I recently posted a piece on an important but often overlooked question that innovators face: how do you recognise a good idea? Preview below – the rest of the entry is posted on our Creative Cultures blog.
On the day after New Year’s Eve, 1962, the nervous young band members and their manager entered the Decca Records studio to do an audition for a record contract. The manager had great confidence in the band’s potential, but he had trouble convincing the record labels to offer them a contract. In fact, the labels wouldn’t even give them an audition. He had only managed to get that day’s audition with Decca because he had privately contacted the record label and, without the band’s knowledge, offered to pay the cost of the audition out of his own pocket.
The tape that the band recorded that day, containing 15 songs, was sent to one of the record label’s producers, Dick Rowe. Rowe, an experienced professional with more than 20 years in the business, was known as a great talent spotter, and spent most of his time searching for new bands. After he had listened to the recording, Rowe contacted the manager, bringing bad news. Rowe was sorry; he did not think the band had commercial potential, and Decca would under no circumstances offer them a recording contract. He then made the statement that would become his public epitaph: “Guitar groups are on the way out, Mr. Epstein.”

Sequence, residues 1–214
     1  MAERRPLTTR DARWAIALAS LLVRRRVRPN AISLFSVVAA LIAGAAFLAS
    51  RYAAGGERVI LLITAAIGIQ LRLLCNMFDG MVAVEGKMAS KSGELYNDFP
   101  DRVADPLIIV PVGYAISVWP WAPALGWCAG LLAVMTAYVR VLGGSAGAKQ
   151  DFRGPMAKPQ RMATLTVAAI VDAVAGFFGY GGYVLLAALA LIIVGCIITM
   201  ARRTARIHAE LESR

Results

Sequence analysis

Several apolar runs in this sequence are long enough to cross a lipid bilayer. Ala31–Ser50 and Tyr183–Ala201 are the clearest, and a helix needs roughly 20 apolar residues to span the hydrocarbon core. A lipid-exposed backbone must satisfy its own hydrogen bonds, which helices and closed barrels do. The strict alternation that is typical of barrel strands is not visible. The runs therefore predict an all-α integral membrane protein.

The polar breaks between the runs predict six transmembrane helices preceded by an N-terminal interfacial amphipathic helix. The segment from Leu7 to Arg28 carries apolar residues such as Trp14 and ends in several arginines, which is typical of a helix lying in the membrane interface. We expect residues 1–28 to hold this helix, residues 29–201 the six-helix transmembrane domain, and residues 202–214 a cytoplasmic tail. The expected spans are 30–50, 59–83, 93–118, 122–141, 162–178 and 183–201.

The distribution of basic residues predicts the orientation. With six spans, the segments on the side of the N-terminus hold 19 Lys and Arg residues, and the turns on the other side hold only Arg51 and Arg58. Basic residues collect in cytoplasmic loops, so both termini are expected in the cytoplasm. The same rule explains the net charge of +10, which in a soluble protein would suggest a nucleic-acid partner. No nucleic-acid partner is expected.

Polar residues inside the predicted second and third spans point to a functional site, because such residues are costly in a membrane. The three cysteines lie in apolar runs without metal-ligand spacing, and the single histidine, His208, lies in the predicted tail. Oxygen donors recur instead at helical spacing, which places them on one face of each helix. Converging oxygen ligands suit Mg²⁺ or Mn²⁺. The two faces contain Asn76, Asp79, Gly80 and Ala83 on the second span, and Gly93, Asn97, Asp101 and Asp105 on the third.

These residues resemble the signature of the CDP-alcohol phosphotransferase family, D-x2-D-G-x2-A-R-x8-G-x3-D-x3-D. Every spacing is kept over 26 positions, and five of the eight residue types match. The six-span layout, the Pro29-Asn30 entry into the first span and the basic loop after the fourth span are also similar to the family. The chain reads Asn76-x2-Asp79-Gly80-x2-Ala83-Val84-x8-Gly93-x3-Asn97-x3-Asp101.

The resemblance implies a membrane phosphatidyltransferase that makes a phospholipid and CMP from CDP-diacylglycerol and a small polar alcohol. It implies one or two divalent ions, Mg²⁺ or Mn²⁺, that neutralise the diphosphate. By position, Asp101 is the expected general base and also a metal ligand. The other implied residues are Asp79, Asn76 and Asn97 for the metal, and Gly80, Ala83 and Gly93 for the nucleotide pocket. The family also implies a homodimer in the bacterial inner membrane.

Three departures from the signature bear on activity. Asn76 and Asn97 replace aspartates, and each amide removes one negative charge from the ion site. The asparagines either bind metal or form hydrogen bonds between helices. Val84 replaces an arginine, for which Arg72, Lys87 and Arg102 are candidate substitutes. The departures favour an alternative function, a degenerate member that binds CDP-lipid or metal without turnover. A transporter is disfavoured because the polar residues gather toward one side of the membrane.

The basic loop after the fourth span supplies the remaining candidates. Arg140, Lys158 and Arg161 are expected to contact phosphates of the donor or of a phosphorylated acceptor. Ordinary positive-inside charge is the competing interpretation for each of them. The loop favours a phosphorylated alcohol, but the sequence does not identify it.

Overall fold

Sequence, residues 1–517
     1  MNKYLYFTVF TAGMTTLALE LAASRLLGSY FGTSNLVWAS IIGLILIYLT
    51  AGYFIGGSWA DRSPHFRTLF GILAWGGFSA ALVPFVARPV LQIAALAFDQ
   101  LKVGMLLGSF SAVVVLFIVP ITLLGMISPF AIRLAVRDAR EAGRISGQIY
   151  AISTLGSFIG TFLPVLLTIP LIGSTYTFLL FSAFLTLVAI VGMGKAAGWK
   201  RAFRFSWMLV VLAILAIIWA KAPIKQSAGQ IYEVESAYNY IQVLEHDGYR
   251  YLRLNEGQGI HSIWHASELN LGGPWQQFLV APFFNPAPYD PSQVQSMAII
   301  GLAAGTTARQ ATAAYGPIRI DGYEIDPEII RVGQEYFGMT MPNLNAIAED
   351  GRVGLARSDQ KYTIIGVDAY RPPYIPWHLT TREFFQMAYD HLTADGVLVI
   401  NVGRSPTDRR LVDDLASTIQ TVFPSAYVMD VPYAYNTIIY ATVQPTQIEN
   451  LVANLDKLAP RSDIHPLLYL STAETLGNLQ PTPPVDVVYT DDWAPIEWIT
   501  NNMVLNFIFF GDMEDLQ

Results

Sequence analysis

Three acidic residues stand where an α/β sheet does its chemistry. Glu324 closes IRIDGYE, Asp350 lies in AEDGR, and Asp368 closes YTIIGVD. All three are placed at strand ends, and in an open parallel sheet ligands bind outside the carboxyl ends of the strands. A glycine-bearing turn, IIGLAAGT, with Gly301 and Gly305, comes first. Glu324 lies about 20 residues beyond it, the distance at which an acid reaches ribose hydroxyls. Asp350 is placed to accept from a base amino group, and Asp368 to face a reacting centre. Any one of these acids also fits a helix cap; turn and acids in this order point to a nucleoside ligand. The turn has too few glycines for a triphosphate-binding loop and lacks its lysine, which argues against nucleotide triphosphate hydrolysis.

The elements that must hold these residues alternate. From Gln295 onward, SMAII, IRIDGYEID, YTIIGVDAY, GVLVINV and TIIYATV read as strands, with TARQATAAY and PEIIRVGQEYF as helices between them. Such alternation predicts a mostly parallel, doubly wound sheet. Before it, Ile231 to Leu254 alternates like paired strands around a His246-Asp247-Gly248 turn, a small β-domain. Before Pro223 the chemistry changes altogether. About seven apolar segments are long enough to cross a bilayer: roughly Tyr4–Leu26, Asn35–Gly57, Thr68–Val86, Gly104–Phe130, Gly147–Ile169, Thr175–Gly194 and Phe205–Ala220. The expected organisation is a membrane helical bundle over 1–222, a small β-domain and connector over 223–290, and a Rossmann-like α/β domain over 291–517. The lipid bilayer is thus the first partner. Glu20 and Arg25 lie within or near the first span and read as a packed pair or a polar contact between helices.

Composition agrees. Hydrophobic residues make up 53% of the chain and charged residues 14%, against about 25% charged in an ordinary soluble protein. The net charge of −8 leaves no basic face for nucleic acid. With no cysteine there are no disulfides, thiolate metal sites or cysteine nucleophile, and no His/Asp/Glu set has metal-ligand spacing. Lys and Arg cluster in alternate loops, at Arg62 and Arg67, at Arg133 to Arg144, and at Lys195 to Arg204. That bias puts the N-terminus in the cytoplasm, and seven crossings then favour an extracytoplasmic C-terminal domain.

If Brian Epstein hadn’t entered his life on that day in January, Dick Rowe would still be known to the world as a great and talented record producer. But after a fateful day, based on one rapid judgment call, all that was forgotten. After that day, Dick Rowe would forevermore be known as only one thing: the man who said no to The Beatles.
Read the rest of the entry on our Creative Cultures blog.